Celebrating Black History Month
2020 was a tumultuous year. Not only did a pandemic that disproportionately ravaged Black communities in and around Detroit devastate the globe, but social upheaval was spurred by the murder of George Floyd and other unarmed Black men and women by law enforcement. Many were reminded of what Black, Indigenous, and People of Color (BIPOC) have always known: Racism continues to plague us all. It remains important to celebrate the achievements of African Americans, recognize their central role in U.S. history, and consider how much more we all must work for a fair and equitable future.
In the spirit of Black History Month, below are just a few of the many African American Warriors from past and present who are making unprecedented strides in research, positively impacting their communities, preserving Black history, and working to make the roads they traveled easier for those who come after them.
A professional ballet dancer with the Dance Theatre of Harlem before her career path turned to academia, Jennifer M. Gómez, Ph.D., studies the harm of cultural betrayal. She founded the theoretical framework cultural betrayal trauma theory (CBTT), in which she proposes that the outcomes of within-group violence is compounded by inequality in a number of ways.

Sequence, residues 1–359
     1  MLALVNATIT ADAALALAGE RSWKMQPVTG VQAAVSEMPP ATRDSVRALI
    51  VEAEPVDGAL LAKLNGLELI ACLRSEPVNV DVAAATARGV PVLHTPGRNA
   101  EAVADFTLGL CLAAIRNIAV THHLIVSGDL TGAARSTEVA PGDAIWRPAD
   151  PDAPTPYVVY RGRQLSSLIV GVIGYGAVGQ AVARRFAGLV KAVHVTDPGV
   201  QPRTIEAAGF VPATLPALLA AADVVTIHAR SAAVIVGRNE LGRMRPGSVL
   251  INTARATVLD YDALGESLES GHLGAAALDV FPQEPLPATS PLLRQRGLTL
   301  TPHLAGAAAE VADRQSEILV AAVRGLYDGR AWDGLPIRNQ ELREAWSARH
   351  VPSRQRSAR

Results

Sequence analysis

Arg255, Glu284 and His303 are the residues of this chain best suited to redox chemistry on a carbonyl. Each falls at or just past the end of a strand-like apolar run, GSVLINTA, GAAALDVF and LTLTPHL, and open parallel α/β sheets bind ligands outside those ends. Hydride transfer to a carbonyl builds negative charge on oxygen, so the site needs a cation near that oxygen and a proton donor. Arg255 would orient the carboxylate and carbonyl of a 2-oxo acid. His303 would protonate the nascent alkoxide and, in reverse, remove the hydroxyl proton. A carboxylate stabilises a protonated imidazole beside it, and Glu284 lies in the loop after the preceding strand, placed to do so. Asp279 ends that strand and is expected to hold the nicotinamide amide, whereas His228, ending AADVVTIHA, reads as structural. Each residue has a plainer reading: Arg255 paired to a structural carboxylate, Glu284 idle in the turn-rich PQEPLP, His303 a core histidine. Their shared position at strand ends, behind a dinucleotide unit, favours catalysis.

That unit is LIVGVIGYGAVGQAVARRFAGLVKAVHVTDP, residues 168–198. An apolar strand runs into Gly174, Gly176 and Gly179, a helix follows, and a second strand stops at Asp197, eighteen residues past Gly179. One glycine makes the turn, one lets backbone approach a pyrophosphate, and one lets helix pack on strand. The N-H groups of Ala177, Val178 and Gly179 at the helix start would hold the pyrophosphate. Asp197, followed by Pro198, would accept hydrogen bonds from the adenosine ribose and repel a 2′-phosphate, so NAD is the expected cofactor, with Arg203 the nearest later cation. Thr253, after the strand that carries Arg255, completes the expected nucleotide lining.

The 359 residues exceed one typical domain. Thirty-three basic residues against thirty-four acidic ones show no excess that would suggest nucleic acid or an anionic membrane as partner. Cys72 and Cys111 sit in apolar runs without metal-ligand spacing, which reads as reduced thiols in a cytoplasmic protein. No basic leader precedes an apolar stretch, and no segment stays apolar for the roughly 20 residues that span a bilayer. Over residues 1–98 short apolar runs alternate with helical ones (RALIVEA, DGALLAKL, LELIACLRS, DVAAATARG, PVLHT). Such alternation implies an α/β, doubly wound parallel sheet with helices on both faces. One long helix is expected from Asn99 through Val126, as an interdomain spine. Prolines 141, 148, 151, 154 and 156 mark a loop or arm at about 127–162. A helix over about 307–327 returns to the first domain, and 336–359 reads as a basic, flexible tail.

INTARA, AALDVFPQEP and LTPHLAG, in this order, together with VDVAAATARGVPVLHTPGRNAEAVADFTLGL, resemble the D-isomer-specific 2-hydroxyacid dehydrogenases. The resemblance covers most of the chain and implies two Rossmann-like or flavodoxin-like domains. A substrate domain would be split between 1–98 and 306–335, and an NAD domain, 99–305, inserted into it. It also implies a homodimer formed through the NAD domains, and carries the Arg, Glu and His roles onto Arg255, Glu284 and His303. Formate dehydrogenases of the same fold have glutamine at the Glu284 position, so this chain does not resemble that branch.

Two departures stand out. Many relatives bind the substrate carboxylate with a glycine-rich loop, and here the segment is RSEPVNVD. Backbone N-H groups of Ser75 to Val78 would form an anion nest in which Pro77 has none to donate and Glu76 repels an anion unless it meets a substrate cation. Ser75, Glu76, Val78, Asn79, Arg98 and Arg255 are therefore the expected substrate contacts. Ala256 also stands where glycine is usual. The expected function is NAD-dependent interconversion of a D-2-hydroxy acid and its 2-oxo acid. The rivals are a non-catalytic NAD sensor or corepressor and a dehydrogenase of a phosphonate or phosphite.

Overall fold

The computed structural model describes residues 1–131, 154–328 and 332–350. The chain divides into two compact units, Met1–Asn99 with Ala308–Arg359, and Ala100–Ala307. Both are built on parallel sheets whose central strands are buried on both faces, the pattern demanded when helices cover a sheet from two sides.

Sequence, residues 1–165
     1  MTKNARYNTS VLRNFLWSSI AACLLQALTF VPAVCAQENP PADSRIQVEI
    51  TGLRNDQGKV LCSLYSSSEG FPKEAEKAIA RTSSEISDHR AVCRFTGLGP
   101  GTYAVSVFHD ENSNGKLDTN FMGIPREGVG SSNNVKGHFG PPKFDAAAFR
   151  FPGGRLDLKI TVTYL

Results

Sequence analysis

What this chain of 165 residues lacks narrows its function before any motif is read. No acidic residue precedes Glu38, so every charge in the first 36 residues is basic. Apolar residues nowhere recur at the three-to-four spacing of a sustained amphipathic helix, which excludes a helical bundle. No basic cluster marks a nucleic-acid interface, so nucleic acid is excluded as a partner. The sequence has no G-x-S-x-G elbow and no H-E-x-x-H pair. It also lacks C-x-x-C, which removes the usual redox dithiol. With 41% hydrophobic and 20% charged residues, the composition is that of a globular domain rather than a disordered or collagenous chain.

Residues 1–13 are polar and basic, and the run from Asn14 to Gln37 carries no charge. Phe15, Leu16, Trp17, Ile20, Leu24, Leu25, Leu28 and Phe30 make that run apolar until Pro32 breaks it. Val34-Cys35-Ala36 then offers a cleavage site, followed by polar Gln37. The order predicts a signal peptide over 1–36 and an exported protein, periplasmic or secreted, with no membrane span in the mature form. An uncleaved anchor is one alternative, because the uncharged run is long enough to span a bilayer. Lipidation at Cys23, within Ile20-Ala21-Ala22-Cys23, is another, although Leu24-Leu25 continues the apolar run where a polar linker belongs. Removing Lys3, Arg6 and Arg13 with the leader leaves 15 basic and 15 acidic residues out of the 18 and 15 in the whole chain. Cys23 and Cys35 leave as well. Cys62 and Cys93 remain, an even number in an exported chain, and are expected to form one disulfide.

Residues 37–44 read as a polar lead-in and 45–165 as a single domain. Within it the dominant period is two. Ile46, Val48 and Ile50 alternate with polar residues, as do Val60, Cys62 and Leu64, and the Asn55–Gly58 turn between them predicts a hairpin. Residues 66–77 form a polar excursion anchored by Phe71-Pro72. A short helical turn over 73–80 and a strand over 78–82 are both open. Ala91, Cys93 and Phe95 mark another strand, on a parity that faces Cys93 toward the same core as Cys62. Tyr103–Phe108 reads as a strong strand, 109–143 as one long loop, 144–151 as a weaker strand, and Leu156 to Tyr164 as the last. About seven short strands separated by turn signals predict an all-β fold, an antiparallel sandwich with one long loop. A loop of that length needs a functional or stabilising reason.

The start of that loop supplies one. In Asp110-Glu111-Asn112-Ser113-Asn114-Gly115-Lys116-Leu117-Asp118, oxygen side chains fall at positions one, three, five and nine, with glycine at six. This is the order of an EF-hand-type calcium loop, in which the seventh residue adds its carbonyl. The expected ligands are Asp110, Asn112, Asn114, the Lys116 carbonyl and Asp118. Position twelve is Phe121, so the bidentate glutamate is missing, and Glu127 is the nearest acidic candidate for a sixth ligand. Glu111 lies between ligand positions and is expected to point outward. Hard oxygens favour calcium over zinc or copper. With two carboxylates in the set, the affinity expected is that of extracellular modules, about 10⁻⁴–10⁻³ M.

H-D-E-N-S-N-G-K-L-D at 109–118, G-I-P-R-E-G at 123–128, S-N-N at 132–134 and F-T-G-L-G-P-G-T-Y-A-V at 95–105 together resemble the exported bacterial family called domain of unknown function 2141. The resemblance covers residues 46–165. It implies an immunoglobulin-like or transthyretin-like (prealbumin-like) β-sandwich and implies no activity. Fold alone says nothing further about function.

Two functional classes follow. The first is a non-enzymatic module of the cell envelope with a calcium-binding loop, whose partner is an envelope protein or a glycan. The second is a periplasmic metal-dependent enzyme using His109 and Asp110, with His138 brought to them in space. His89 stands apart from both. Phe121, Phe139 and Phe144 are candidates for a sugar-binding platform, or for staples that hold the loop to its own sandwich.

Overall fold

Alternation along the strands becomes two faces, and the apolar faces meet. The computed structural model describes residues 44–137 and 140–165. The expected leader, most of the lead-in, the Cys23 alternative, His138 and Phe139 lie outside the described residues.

When COVID-19 broke out in Metro Detroit, healthcare centers quickly experienced a shortage of touchless thermometers. Cameron Pinnock, B.S. ‘13, M.S. ‘15, Ph.D. ‘20, created his own supply and even delivered a batch to the State of Michigan upon Gov. Gretchen Whitmer’s request.
Adjunct instructor in education Aaron Johnson, BSED ’00, MED ’03, PhD ’16, authored a book titled A Walk in Their Kicks: Literacy, Identify, and the Schooling of Young Black Males, which explores the impact that trauma has on African American students, how educators perceive that trauma, and offers recommendations to help administrators build affinity groups, implement and change policy.
Ph.D. candidate in education Stacey Deering researched and worked on an exhibit showcasing the fight for the African American right to vote at The Charles Wright Museum of African American History for over a year before its launch this past September. Voting Matters is an interactive multimedia exhibition that spans from pre-Reconstruction to present day and is on display until May 9.
Native Detroiter and master’s student in library information science and public history Amber Harrison fights to preserve the city’s Black history and voices as a contributing researcher for Rise Up Detroit, a digital archive that documents the city’s civil rights history. She has also been invited on multiple occasions to present her research at the Detroit Historical Museum.
Right before the onset of COVID-19 last year, Ph.D. student in communication Ariel Seay-Howard put together and hosted the university’s first student-led diversity conference. More than 200 attended.